When I saw the recent news about a pill with an ingestible sensor to track medication adherence/compliance, essentially the next level of Medication Event Monitoring Systems, I thought again about what I refer to as the “Belson Fallacy” – the belief that tech can solve every problem.
What I found particularly interesting was that this unique drug-device combination is intended for the “treatment of schizophrenia, acute treatment of manic and mixed episodes linked with bipolar I disorder”, conditions that can include symptoms such as “extremely disordered thinking and behavior that impairs daily functioning“. So while on the surface, I do see a certain logic in having another means to ensure that patients are taking their medications, does this tech approach stand up under a little further scrutiny?
I recently had the pleasure of addressing the Research Triangle Park chapter of the International Institute of Business Analysis (IIBA). My presentation (below) was intended to provide attendees with couple tools that many had never used: Causal Loop Diagrams, and Stock-and-Flow Modeling software.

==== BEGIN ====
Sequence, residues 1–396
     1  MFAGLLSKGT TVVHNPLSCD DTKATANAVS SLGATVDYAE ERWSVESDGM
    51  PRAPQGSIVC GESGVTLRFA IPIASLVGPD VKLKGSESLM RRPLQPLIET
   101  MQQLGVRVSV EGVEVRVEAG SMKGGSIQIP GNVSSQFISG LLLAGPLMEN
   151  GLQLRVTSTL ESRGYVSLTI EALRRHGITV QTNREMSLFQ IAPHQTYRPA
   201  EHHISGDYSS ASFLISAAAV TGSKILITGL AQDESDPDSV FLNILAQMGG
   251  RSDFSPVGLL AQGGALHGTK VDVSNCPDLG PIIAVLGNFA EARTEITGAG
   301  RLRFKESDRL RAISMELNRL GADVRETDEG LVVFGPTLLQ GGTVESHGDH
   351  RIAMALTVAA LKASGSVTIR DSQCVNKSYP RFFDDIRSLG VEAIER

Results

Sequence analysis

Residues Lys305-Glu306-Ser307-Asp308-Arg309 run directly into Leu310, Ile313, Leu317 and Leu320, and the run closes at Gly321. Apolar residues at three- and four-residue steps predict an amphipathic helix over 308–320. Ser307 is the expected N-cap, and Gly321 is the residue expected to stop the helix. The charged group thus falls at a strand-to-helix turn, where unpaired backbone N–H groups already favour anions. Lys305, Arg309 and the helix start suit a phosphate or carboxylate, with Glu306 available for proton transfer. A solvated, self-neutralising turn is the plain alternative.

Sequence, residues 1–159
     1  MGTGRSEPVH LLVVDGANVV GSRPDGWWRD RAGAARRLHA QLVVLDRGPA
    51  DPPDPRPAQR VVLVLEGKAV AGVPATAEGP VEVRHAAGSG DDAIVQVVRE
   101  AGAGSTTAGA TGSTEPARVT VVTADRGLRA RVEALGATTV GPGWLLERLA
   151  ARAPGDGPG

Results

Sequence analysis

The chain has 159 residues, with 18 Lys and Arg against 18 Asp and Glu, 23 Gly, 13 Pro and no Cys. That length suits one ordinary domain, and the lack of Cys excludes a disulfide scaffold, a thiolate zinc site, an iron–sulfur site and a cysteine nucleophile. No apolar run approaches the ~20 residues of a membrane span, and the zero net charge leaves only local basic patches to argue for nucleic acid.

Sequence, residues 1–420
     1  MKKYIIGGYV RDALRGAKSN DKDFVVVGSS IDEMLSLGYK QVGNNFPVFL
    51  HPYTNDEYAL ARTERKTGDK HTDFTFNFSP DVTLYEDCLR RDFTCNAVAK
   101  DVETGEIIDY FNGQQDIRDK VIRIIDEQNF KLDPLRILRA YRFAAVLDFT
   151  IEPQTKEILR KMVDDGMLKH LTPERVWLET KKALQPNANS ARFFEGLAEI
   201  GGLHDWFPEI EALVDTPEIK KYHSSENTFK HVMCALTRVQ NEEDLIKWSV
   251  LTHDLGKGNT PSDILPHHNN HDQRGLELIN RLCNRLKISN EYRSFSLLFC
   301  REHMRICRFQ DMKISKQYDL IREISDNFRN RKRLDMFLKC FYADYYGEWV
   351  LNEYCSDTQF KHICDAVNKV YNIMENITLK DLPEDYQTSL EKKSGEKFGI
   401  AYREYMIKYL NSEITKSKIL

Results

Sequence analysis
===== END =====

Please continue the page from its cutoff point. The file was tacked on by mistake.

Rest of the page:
Although I tailored my presentation to the Business Analyst audience, these tools can also provide improved insight and solution simulation in a safe environment to others across an enterprise; for example:
Impact of different marketing efforts on sales
Effect of competitive products and pricing on launch activities
Business Analysis enables change by defining needs and recommending solutions that deliver value to stakeholders.*
A member of IIBA, I view projects through the filter of the Business Analysis Competency Model (diagram below). This perspective works from 6 major Functions, through 6 key Competencies to a host of Techniques. My areas of expertise focus on: